Gawker right on the divorce but wrong on the law.
On the heel of the opening of his newest restaurant in Singapore (and the sale of his multi-million dollar Manhattan condo) famed celebrity chef Daniel Boulud and his wife Michelle Micky Palmer Boulud are calling it quits. Mrs. Boulud filed for an uncontested divorce. Gawker incorrectly defined an uncontested divorce as one where the parties have been “legally separated” for at least a year in New York:
Court records indicate she’s seeking an uncontested divorce, which means the couple needs to have already been legally separated for at least a year according to New York law. GAWKER
But that is not necessarily the law in New York. It is one of the ways to do it, of course. But one can obtain an uncontested divorce (or annulment) on any grounds recognized in New York State, so long as the other party does not contest. That is what makes it uncontested. That the other party does not contest.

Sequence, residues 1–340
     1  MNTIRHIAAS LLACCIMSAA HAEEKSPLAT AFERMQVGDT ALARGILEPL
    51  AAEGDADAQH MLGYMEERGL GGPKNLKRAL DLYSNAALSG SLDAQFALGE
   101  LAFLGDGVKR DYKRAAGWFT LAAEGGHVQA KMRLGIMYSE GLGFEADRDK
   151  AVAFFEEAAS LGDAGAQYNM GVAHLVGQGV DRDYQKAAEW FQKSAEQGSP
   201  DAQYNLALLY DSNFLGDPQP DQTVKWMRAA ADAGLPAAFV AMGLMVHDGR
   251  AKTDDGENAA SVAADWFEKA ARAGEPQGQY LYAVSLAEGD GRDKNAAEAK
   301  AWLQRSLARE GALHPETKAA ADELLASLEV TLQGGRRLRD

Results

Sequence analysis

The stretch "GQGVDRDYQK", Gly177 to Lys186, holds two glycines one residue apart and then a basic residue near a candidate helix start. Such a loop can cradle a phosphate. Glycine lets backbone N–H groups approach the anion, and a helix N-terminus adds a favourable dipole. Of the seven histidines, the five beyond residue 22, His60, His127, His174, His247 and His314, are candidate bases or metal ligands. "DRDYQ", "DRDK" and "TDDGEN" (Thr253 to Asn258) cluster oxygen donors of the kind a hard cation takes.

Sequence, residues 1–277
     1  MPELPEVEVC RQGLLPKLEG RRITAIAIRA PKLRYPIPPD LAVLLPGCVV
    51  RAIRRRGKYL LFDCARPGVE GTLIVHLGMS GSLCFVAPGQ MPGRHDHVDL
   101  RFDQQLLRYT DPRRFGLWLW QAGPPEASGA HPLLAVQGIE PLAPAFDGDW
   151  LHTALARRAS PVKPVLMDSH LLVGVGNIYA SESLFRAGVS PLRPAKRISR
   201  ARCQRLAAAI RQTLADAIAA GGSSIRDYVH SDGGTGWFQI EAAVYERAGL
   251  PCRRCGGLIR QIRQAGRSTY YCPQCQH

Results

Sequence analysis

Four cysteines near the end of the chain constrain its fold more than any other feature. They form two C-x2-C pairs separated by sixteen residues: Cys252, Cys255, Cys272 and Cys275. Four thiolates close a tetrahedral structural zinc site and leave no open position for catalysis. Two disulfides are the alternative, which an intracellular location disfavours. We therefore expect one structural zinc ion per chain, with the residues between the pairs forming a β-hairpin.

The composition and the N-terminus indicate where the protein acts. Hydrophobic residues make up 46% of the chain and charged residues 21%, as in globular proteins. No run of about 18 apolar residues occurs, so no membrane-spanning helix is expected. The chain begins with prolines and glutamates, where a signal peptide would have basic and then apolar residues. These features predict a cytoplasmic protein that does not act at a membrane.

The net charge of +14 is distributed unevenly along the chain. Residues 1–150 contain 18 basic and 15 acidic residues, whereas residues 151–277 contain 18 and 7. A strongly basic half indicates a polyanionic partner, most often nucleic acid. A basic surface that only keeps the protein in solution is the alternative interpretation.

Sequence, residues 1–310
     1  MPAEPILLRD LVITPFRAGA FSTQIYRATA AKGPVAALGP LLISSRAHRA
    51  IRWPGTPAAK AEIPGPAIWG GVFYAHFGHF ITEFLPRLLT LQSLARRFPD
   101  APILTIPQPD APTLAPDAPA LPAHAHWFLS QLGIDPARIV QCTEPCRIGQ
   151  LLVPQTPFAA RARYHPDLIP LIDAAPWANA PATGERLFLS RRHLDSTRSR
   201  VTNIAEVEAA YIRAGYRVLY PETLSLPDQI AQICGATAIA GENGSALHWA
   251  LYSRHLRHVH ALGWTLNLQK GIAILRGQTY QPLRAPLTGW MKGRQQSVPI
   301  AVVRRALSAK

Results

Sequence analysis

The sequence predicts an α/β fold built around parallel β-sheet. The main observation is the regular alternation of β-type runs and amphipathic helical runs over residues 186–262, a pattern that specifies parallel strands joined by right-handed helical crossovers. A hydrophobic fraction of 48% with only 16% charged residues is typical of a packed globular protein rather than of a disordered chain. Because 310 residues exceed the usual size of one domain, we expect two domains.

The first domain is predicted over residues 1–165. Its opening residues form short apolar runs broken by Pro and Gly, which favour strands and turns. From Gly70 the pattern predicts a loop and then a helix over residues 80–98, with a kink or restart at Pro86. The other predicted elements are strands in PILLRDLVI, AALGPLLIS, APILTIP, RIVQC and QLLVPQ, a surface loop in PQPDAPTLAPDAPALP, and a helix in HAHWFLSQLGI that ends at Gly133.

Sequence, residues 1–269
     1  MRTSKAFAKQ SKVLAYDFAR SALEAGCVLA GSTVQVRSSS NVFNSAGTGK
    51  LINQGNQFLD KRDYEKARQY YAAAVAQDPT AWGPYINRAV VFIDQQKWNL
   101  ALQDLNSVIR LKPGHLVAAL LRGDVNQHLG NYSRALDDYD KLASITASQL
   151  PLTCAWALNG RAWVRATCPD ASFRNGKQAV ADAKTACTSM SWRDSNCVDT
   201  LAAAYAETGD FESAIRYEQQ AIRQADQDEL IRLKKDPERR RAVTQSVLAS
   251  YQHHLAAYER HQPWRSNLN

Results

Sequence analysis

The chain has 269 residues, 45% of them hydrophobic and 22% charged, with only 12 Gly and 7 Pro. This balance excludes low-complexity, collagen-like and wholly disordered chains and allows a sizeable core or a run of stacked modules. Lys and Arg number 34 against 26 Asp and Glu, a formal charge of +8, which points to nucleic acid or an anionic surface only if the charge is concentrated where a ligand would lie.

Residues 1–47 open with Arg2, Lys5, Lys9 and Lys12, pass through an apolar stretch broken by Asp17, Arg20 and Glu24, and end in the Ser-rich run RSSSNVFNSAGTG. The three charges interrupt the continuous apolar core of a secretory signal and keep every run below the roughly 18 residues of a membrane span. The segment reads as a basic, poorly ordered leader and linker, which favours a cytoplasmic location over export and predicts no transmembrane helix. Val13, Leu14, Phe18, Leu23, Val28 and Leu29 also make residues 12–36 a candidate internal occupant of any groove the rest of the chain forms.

In the Bouluds’ case, even if there was adultery, cruelty, or constructive abandonment but no legal separation, (and btw, a “legal separation” must be issued by the courts by judicial order; or by mutual signature of the parties, aka a stipulation of separation or “separation agreement” between the parties) either party could have commenced a divorce proceeding, and it could have been uncontested so long as the other party does not respond to the petition and come up with a defense to the grounds alleged in the divorce papers. Admittedly, some grounds are more litigious than others. If you accuse someone of adultery and cruelty, usually, he or she will contest, but not always. (Oh, with a “legal separation” the parties must live apart for a year and must substantially comply with the agreement in order to transmute the separation agreement into a divorce.)
It’s a technical point, but important for the folks over at Gawker to note: getting an “uncontested divorce” does not necessarily mean you have been “legal separated” for a year under New York Law. You could have been living under the same roof, not “legally separated,” and still get an uncontested divorce on a ground like, say, constructive abandonment, adultery and even cruelty, under New York law, so long as the other side does not contest.
But back to the Bouluds. They are splitsorama. Wow. Wasn’t there some nice dessert he could have made for her to make her change her mind?